Populists across Europe have seized on the truck attack in Berlin as a way to criticise Germany’s immigration policy but key players have held back on jumping to conclusions as the investigation continues.
Former UK Independence Party (UKIP) leader Nigel Farage, a key ally of US President-elect Donald Trump in Europe, said the attack which killed 12 people was “no surprise” and would be part of Merkel’s “legacy”.
“Merkel has directly caused a whole number of social and terrorist problems in Germany, it’s about time we confronted that truth,” he told LBC radio on Tuesday.
UKIP donor Arron Banks, who was also a key funder behind the Brexit campaign, tweeted that Merkel “might as well have” been driving the truck herself.
A 23-year-old Pakistani asylum-seeker was arrested immediately after the incident on Monday after reportedly fleeing the scene but was released on Tuesday without charge.
Police said on Wednesday they were now on a manhunt for a new suspect, identified in German media as a Tunisian citizen in his early 20s who applied for asylum in April and had a temporary residence permit.
Merkel has been criticised over her decision to let in around a million migrants — many of them fleeing war-torn Syria — over the past two years.
‘Last drop of patience’
Her policy has been polarising, not just in Germany.
Just hours after Monday’s attack, far-right Dutch lawmaker Geert Wilders sharply blamed European leaders for admitting asylum-seekers into Europe.
“Merkel, (Dutch Prime Minister Mark) Rutte and all the other cowardly government leaders have allowed in Islamic terror and an asylum tsunami with their open borders policy,” he tweeted on Tuesday.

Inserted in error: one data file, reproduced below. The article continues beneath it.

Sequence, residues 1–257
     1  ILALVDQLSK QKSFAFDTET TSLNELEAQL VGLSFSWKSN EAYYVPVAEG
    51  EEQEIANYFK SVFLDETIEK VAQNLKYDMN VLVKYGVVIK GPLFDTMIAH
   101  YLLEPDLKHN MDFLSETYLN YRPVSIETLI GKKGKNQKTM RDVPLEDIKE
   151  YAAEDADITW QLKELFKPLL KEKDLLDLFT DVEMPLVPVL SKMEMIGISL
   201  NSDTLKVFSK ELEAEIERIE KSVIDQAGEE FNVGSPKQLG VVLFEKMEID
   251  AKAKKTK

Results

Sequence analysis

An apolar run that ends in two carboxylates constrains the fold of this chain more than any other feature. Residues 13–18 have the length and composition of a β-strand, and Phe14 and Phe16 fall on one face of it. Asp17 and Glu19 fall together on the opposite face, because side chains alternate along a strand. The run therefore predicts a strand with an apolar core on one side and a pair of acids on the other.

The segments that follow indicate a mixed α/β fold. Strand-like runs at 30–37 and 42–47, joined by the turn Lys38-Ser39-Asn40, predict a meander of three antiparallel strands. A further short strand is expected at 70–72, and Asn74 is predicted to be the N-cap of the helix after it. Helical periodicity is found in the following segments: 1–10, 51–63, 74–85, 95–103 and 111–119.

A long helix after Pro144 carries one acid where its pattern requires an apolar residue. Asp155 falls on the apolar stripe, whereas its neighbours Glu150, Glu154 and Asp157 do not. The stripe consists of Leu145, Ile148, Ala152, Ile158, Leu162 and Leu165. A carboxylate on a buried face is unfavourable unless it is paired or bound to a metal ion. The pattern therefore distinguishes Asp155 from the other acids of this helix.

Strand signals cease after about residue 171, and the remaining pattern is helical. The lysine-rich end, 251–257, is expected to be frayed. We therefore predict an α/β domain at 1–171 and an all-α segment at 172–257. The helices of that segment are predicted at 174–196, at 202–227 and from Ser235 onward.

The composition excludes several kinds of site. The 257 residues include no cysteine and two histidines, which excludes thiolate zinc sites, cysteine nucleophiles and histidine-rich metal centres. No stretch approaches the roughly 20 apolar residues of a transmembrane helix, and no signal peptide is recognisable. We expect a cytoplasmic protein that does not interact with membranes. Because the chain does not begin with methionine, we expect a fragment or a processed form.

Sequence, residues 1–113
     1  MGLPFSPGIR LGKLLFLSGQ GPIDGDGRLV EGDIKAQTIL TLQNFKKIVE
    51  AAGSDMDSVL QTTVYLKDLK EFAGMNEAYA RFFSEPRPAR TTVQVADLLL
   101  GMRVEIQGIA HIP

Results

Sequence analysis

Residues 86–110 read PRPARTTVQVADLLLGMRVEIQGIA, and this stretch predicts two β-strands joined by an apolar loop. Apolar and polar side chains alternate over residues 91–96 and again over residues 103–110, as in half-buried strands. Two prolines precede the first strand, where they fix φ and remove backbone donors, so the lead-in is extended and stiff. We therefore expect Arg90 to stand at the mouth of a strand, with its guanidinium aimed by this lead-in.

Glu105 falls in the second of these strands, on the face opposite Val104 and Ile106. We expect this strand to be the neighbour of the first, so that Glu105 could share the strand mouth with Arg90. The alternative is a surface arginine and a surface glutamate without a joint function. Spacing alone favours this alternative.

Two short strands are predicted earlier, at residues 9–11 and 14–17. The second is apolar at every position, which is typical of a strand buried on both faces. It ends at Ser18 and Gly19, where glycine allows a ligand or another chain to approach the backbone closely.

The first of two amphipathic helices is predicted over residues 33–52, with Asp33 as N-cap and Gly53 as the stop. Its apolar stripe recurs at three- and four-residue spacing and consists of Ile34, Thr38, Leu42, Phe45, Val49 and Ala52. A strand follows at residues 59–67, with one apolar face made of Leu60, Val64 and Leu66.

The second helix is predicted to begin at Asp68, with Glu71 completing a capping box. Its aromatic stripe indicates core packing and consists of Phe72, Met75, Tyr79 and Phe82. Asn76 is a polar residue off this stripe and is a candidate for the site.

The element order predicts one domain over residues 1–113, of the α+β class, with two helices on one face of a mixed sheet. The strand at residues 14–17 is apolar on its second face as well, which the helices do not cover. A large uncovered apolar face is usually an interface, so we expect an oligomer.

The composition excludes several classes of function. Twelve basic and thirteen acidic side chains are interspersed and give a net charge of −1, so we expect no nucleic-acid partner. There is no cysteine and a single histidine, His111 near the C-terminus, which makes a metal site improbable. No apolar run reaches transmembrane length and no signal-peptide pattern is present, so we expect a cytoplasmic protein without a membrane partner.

Wilders, who heads the anti-Islam Freedom Party (PVV), also tweeted a photo-shopped picture of Merkel with her hands, face and jacket spattered in blood.
The image was not accompanied by any words, but implied she had blood on her hands for the attack.
Slovak Prime Minister Robert Fico on Tuesday said the Berlin attack had been “the last drop in the cup of patience” in Europe’s migration crisis.
Matthew Goodwin, a senior fellow at the Chatham House think tank, said attacks such as the one in Berlin represented a “significant opportunity” for the “radical right” to emphasise the issue of security.
“Across much of Europe, the radical right is increasingly linking the migrant crisis to security,” alongside their traditional anti-elite and anti-immigration campaign messages, he said.
Other populist forces have been more cautious, however.
In Austria, the far-right Freedom Party steered clear of making the link between Merkel’s policies and the attack.
France’s National Front leader Marine Le Pen also made no connection.
But the National Front’s deputy leader Florian Philippot told French TV that Islamic State group militants had infiltrated Europe along with migrants.
“When there are Islamist terrorists who infiltrate themselves in a massive influx, we have the duty to stop the influx,” he said, calling Merkel’s open-doors policy for migrants “irresponsible”.
In Germany itself, the Islamophobic and anti-immigration populist party AfD wasted no time in laying the blame on Merkel.
“The milieu in which such acts can flourish has been negligently and systematically imported over the past year and a half,” the group’s co-leader Frauke Petry said in a statement, in a clear reference to Merkel’s decision to let in refugees.
“Germany is no longer safe. It should be the responsibility of the chancellor to tell you this. But since she won’t do it, then I’ll say it,” Petry said, demanding “control over our territory, no ifs and buts”.